On the Eve of Pride, Quinn Reaches Out to Her Base

City Council Speaker Christine Quinn, flanked by State Senator Brad Hoylman, at a June 28 campaign announcement outside the LGBT Community Center. | GAY CITY NEWS

City Council Speaker Christine Quinn, flanked by State Senator Brad Hoylman, at a June 28 campaign announcement outside the LGBT Community Center. | GAY CITY NEWS

With Manhattan’s massive Pride Parade just two days off, City Council Speaker Christine Quinn appeared outside the Lesbian, Gay, Bisexual & Transgender Community Center on the morning of June 28 to announce a host of LGBT initiatives she pledged to purse if elected mayor in November.

Chief among those proposals were establishment of a Mayor’s Office of HIV/ AIDS Policy, funding of shelter beds for homeless youth to eliminate the current waiting list that averages 350 per night at such facilities, and capital spending for senior housing that would serve the needs of LGBT New Yorkers.

Quinn described the HIV/ AIDS office as playing both a coordination and policymaking function, in an effort to centralize efforts made by city agencies including the Department of Health and Mental Hygiene (DOHMH) and the HIV/ AIDS Services Administration. It would approach issues of prevention, treatment, and housing in a “holistic” fashion, she said.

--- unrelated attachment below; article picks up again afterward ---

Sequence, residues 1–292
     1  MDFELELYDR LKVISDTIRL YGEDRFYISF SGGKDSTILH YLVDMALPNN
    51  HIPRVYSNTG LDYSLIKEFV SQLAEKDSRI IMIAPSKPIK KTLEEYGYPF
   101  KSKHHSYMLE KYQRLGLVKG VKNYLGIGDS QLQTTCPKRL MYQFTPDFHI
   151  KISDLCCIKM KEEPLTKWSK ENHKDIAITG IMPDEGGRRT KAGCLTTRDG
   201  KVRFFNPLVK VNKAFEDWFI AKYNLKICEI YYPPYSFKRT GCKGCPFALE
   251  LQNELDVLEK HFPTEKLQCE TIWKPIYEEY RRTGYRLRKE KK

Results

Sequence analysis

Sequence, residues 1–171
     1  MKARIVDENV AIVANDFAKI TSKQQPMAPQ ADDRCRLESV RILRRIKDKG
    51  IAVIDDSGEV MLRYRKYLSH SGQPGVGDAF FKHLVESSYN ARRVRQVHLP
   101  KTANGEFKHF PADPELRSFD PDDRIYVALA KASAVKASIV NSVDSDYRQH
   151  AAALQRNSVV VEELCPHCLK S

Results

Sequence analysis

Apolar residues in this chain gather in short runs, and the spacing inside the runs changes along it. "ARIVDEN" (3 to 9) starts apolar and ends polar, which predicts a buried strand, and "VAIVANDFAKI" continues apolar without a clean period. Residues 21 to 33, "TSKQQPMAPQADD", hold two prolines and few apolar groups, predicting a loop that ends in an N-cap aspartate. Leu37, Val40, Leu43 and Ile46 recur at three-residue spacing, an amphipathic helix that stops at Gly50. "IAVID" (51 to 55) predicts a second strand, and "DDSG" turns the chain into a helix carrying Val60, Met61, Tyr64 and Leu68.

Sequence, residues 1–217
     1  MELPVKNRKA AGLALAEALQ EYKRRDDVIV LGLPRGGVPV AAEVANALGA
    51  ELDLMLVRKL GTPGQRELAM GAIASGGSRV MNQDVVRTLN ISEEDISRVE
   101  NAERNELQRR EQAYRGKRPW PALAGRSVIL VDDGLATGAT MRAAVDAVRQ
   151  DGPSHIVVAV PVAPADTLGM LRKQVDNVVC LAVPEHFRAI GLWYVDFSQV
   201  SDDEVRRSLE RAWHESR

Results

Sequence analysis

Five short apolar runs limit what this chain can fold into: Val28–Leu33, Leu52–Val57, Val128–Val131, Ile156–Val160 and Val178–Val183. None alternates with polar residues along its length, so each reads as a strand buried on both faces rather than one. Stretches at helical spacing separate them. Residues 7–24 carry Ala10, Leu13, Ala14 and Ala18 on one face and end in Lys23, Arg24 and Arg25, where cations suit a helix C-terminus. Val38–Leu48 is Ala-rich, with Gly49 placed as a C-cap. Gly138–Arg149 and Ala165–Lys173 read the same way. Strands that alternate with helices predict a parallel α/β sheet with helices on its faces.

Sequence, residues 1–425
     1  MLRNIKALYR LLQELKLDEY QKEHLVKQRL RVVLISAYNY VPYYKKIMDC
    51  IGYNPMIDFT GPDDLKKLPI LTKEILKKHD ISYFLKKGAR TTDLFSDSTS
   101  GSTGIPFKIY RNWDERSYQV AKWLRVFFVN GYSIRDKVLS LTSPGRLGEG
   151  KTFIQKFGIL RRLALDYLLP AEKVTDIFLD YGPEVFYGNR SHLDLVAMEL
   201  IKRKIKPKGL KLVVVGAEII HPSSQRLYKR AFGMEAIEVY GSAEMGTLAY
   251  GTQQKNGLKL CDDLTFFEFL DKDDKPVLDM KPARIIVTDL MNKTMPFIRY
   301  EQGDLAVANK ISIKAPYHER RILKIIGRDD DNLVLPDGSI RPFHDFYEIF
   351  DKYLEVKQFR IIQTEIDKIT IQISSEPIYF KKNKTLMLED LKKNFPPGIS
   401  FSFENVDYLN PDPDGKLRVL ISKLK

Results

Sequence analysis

Council speaker pledges new efforts on HIV, homeless youth, LGBT seniors as mayor

The speaker suggested that the special mayoral office could control a portion of the funding spent on HIV/ AIDS in the city budget, though she said how its spending would compare to that of departments like DOHMH “has to be determined.” The office, she said, would also play the primary lobbying and advocacy role on policy questions regarding the epidemic in Albany and Washington.

One of Quinn’s AIDS priorities is the establishment of a 30 percent rent cap for New Yorkers living with AIDS who receive public support and live in private housing. That cap applies to others living in government-supported housing programs, but an anomaly in state law has prevented that benefit from being extended to AIDS tenants. Mayor Michael Bloomberg has consistently opposed that rent cap and lobbied Republicans in the State Senate to block it.

In what was a campaign appearance, the speaker also vowed to fund shelter beds for homeless youth currently on waiting listings at the handful of facilities that provide appropriate space. Advocates peg the average number of homeless youth at about 350 a night, and Quinn said between $10.5 and $12 million annually would be needed to make beds available for them.

A recent study from the Empire State Coalition and the New York City Association of Homeless and Street-Involved Youth Organizations estimated that 3,800 youth are homeless each night, approximately 40 percent of them LGBT, with 1,600 actually sleeping on the streets and about 150 getting through the night by staying with a sex work client. Asked whether adding beds would in turn increase the demand for beds, Quinn acknowledged that possibility but said, “The immediate issue is no waiting list.”

She also said it was time to stop the “budget game” about funding homeless youth programs. In recent years, the Bloomberg administration has reduced such spending in its budget and the Council has fought to restore it. State spending on homeless and runaway youth was also reduced in the past several budgets. Prior to Anthony Weiner’s entry into the mayoral race, all of the Democratic contenders had pledged to hold that budget harmless. Quinn’s proposal would roughly double the commitment currently in place.